It's difficult to imagine what it looks like to dig the current 1.5-million barrels of tar sands out of the Boreal Forest each day. So what would it look like if industry gets its way to dig up 5.2-million barrels a day by 2030? We've crunched the numbers and it's not looking pretty.
Current tar sands impacts are pretty scary: tens of millions of litres of toxic tailings leaking into the water system each day, spikes in toxic air pollution that far exceed international regulations, tens of thousands of First Nations treaty violations, species and precious ecosystems on the brink of collapse, and climate pollution so large it's equivalent to that of the entire country of Portugal.
Now take that image and triple it. Industry and government want to triple tar sands production from 1.5-million barrels per day in 2010 to 5.2-million barrels per day by 2030. Even worse, beyond 2030 industry would like to see that number grow to over 9-million barrels a day.
It's time for a reality check. New analysis of the impacts of planned oilsands growth paints a very frightening picture of the devastating consequences of this projected expansion. If industry gets away with its expansion plans, here are just a few of the worrying consequences we can expect for directly impacted communities and those far beyond Alberta's borders:
• Air pollution known to cause higher rates of asthma and early deaths will escalate, including a roughly 230 per cent increase in nitrogen oxide emissions, a 160 per cent increase in sulfur dioxide emissions, and a 190 per cent increase in particulate matter.
• Toxic waste from mining operations will increase more than 150 per cent.
• Carbon pollution -- the pollution that causes global climate change -- will increase by about 250 percent.
• Fresh water use will increase more than 170 per cent threatening healthy river flows on the Athabasca River and Boreal forest wetlands *.
Don't get me wrong. This expansion is not a forgone conclusion, but it is a warning. A lot of things are standing between industry's vision and reality -- not the least of which is the incredible people power that is growing to stand up for a safe climate future and protection from dangerous tar sands pipelines and impacts.
With warnings from the International Energy Agency that we need to keep two thirds of known fossil fuels in the ground to avoid two degrees of global warming, tar sands expansion has catastrophe written all over it.
The numbers we've crunched about the consequences of reckless expansion remind us of the type of future we don't want. Let's turn our attention to building the future we do want -- a future powered by the safe, clean and renewable energy that we deserve. Our children and grandchildren deserve a safe future, but we need to start making some important changes today in order for that to happen.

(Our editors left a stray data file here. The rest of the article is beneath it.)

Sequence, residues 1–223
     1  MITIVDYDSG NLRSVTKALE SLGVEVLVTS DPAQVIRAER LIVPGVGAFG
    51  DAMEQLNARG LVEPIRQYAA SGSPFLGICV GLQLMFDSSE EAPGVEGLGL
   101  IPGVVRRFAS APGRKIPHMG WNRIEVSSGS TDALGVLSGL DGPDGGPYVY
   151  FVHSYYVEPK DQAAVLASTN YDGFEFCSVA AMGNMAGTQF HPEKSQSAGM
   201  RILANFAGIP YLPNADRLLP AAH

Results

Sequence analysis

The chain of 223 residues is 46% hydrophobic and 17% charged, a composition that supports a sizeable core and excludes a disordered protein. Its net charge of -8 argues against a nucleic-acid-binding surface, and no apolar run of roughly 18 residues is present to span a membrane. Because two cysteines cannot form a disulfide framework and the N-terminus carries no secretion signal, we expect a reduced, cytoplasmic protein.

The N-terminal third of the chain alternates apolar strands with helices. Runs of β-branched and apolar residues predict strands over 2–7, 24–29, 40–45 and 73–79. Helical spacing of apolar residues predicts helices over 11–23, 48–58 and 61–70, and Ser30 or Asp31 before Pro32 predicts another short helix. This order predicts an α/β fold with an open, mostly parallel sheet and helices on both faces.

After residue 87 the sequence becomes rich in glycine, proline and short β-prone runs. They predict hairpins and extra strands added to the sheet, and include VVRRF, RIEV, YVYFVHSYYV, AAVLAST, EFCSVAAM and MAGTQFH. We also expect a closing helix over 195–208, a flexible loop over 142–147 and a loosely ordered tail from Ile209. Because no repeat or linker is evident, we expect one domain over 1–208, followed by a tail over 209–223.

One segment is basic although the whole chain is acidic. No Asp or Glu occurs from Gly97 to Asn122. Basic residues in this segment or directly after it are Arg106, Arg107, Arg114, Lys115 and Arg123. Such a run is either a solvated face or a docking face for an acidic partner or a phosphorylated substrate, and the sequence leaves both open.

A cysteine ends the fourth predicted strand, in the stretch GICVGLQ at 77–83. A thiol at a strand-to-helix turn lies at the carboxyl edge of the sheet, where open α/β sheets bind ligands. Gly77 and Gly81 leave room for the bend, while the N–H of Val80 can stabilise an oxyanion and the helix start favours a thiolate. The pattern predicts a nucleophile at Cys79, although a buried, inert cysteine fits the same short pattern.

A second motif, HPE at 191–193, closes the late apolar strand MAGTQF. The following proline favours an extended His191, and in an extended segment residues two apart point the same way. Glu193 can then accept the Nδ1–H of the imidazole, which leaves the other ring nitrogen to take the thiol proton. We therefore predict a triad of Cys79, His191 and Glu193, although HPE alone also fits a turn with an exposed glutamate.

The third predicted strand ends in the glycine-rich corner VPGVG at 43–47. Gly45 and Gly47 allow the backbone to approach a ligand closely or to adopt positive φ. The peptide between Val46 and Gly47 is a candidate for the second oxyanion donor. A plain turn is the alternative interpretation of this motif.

Don't forget to visit www.tarsandsrealitycheck.com for the truth about the tar sands.
* These projections are based on analysis by the Canadian-based Pembina Institute analyzing future upstream impacts from tarsands production by calculating intensities on a per barrel basis for air emissions, greenhouse gas emission, water use, and tailings production using publicly available historical data from 2009 onwards. The Pembina Institute relied on data from the Government of Alberta, the Government of Canada, industry sources, and academic papers. The methodology involved developing weighted intensity averages by the production volume of the projects. Jennifer Grant, Eli Angen, and Simon Dyer, "Forecasting the impacts of oilsands expansion," The Pembina Institute. June 2013.
About ENVIRONMENTAL DEFENCE: Environmental Defence is Canada's most effective environmental action organization. We challenge, and inspire change in government, business and people to ensure a greener, healthier and prosperous life for all.
We look at which 10 countries have the most CO2 emissions. Figure are preliminary 2010 numbers from the U.S. government's <a href="http://cdiac.ornl.gov/trends/emis/perlim_2009_2010_estimates.html" target="_hplink">Carbon Dioxide Information Analysis Center. </a> (Photo Getty Images)
Estimated CO2 Emissions in 2010 (in thousands of metric tonnes): 493,726 (Photo MARWAN NAAMANI/AFP/Getty Images)
Estimated CO2 Emissions in 2010 (in thousands of metric tonnes): 518,475 (Photo MARK RALSTON/AFP/Getty Images)
Estimated CO2 Emissions in 2010 (in thousands of metric tonnes): 563,126 (Photo CHOI JAE-KU/AFP/Getty Images)
Estimated CO2 Emissions in 2010 (in thousands of metric tonnes): 574,667 (Photo FRED DUFOUR/AFP/Getty Images)
Estimated CO2 Emissions in 2010 (in thousands of metric tonnes): 762,543 (Photo JOHANNES EISELE/AFP/Getty Images)
Estimated CO2 Emissions in 2010 (in thousands of metric tonnes): 1,138,432 (Photo YOSHIKAZU TSUNO/AFP/Getty Images)
Estimated CO2 Emissions in 2010 (in thousands of metric tonnes): 1,688,688 (Photo KIRILL KUDRYAVTSEV/AFP/Getty Images)
Estimated CO2 Emissions in 2010 (in thousands of metric tonnes): 2,069,738 (Photo ROBERTO SCHMIDT/AFP/Getty Images)
Estimated CO2 Emissions in 2010 (in thousands of metric tonnes): 5,492,170 (Photo by Kevork Djansezian/Getty Images)
Estimated CO2 Emissions in 2010 (in thousands of metric tonnes): 8,240,958 (Photo PETER PARKS/AFP/Getty Images)
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